Space matters: An institutional critique of distance learning within the English department at the University of Central Florida
Lori Ann Mumpower, University of Central Florida, United States
University of Central Florida . Awarded
In much of the scholarship of distance learning, context is often subordinate to utopian arguments for the spatial and temporal benefits of online pedagogy. To argue unilaterally that distance learning is successful, or not successful, is to misunderstand the ways in which institutions, departments, individual faculty, and students deploy courses and programs. All online courses are not created alike. What is needed are more localized, situated examinations of distance learning within the scope of a particular institution, even a particular department, in order to gauge online learning’s effects, and effectiveness, as a delivery mode of instruction. To understand these spaces more fully, it is important to evaluate the ways in which departments are technologizing their classrooms, their programs, their faculty, their courses, and thereby their institutions.
My dissertation examines distance learning within a local, particular context: UCF’s English department. In order to fully examine distance learning in this specific environment, I employ institutional critique as my methodology, a rhetorical and spatial approach that allows me to map distance learning within UCF’s English department. Drawing upon the work of David Harvey, I examine the experienced, perceived, and imagined spaces of distance learning in our department. Through an examination of the history of naming UCF, rhetorical analyses of institutional documents that reference technologies, analysis of survey results noting faculty attitudes and perceptions of online learning, and postmodern mapping of faculty members’ perceived and ideal spaces, we can find local solutions for local problems related to distance learning.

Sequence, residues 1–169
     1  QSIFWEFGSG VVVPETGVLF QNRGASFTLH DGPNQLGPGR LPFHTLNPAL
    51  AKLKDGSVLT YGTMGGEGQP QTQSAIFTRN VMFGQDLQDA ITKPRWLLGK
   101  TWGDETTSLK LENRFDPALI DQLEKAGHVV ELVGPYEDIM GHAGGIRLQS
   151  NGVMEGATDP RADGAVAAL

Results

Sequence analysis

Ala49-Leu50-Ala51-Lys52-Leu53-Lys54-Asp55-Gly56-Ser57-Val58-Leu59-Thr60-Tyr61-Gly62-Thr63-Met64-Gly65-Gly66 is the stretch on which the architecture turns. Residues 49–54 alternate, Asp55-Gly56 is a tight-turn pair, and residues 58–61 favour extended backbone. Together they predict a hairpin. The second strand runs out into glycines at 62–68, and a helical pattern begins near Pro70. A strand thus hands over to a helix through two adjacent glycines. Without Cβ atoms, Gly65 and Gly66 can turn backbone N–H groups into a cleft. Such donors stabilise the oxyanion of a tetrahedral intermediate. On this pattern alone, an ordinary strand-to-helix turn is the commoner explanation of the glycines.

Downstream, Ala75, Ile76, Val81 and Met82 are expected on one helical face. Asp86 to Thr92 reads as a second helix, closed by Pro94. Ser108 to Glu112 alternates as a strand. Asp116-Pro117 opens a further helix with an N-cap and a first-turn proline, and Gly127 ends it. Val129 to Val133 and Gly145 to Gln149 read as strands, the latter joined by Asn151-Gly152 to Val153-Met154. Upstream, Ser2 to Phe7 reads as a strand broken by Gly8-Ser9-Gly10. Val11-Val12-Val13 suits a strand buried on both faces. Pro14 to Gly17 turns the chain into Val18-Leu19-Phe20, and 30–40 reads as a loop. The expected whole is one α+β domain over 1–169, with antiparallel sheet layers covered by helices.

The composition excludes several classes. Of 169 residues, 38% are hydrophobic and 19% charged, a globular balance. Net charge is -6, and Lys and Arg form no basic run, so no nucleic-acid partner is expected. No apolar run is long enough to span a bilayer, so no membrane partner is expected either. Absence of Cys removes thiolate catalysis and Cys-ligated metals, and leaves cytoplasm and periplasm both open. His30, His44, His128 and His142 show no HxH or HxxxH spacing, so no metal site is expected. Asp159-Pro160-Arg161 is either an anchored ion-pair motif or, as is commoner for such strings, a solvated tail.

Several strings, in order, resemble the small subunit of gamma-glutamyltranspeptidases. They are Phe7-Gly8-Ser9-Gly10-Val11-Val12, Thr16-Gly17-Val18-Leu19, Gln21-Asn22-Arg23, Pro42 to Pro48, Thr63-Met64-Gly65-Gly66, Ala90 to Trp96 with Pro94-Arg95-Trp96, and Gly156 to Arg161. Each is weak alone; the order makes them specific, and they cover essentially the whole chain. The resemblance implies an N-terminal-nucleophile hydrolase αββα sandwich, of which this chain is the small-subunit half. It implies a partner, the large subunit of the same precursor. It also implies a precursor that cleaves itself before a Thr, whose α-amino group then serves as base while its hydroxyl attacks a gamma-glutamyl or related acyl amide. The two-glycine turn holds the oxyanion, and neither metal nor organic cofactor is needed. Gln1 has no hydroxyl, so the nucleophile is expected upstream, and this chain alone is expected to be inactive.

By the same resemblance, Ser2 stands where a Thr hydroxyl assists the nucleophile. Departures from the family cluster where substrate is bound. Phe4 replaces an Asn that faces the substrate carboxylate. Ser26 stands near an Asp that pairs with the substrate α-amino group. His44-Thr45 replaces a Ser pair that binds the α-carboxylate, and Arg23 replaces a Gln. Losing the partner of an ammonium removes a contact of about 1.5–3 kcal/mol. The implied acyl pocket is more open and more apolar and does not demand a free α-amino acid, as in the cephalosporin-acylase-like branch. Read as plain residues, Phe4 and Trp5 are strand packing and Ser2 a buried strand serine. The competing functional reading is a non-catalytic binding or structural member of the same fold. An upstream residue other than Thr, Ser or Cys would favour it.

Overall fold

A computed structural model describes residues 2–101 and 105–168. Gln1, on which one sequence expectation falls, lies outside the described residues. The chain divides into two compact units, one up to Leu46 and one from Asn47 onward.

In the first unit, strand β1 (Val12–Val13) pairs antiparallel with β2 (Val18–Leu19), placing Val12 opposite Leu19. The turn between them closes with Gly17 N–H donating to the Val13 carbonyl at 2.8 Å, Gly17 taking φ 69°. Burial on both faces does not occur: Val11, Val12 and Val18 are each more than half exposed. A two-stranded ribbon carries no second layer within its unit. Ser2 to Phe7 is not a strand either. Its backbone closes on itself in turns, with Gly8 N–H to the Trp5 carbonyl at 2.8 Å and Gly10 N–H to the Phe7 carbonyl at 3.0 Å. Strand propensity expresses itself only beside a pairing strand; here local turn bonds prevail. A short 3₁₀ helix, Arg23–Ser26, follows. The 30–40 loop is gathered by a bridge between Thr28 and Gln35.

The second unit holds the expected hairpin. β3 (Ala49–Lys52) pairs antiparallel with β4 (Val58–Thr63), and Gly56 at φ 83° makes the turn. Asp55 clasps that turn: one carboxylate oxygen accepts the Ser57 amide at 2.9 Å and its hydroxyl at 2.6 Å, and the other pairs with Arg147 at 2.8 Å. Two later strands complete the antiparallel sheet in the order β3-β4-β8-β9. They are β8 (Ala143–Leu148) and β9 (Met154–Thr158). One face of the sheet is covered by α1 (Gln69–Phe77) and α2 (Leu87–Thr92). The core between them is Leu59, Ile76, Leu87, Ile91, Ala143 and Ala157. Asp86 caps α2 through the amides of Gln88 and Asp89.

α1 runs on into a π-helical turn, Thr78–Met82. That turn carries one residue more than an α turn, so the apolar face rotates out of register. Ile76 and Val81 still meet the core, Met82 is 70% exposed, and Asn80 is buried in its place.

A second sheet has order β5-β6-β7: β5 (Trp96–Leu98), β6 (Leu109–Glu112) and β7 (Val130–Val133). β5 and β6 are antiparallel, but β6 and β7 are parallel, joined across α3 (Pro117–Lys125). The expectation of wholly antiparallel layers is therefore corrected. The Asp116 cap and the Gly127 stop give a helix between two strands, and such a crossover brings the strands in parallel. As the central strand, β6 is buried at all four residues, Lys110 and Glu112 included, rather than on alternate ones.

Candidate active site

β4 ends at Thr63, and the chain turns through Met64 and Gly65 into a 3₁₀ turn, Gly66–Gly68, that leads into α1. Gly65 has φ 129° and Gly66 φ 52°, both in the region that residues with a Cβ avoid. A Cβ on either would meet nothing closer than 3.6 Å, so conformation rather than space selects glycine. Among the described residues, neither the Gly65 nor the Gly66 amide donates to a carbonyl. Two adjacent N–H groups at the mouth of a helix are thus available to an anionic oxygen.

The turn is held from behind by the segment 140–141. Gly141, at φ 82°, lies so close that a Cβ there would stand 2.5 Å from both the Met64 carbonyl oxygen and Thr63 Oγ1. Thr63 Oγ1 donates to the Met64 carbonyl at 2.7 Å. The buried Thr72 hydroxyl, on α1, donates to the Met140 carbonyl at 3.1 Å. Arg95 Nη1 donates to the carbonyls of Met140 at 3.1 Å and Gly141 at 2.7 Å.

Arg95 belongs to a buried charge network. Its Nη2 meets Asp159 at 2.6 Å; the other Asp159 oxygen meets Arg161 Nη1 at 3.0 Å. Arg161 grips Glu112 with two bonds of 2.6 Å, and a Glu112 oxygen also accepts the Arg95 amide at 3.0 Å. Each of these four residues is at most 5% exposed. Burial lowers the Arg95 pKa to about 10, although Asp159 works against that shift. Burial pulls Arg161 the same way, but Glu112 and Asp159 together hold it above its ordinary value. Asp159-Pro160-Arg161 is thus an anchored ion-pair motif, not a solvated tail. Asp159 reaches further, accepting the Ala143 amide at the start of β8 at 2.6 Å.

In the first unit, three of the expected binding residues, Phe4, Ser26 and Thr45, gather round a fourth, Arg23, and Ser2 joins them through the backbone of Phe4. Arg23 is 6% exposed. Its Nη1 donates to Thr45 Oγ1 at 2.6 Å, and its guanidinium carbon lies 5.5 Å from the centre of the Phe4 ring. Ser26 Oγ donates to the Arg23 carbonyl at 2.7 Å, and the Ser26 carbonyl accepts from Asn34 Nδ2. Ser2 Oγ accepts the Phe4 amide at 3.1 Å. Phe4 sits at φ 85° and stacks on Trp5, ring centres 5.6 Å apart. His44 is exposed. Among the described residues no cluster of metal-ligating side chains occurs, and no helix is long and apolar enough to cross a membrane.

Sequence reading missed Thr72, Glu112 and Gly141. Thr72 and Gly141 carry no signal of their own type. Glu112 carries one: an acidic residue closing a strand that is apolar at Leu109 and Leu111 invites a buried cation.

Mumpower, L.A. Space matters: An institutional critique of distance learning within the English department at the University of Central Florida. Ph.D. thesis, University of Central Florida.
Citation reproduced with permission of ProQuest LLC.
For copies of dissertations and theses: (800) 521-0600/(734) 761-4700 or https://dissexpress.umi.com